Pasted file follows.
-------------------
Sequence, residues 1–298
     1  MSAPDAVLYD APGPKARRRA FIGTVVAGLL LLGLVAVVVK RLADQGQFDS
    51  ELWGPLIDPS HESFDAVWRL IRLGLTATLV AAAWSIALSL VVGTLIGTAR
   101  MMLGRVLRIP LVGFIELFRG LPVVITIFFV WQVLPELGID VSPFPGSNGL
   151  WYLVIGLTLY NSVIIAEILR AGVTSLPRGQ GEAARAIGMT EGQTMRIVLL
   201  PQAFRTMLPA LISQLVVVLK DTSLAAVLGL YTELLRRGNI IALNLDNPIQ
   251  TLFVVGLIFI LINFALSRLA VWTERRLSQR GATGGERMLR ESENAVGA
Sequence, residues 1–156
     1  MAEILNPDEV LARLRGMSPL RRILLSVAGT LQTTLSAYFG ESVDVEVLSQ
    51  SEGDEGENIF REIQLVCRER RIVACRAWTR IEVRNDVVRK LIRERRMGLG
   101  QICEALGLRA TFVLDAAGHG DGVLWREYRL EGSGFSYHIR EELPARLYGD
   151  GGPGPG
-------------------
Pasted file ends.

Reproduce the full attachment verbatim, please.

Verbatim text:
Sequence, residues 1–298
     1  MSAPDAVLYD APGPKARRRA FIGTVVAGLL LLGLVAVVVK RLADQGQFDS
    51  ELWGPLIDPS HESFDAVWRL IRLGLTATLV AAAWSIALSL VVGTLIGTAR
   101  MMLGRVLRIP LVGFIELFRG LPVVITIFFV WQVLPELGID VSPFPGSNGL
   151  WYLVIGLTLY NSVIIAEILR AGVTSLPRGQ GEAARAIGMT EGQTMRIVLL
   201  PQAFRTMLPA LISQLVVVLK DTSLAAVLGL YTELLRRGNI IALNLDNPIQ
   251  TLFVVGLIFI LINFALSRLA VWTERRLSQR GATGGERMLR ESENAVGA
Sequence, residues 1–156
     1  MAEILNPDEV LARLRGMSPL RRILLSVAGT LQTTLSAYFG ESVDVEVLSQ
    51  SEGDEGENIF REIQLVCRER RIVACRAWTR IEVRNDVVRK LIRERRMGLG
   101  QICEALGLRA TFVLDAAGHG DGVLWREYRL EGSGFSYHIR EELPARLYGD
   151  GGPGPG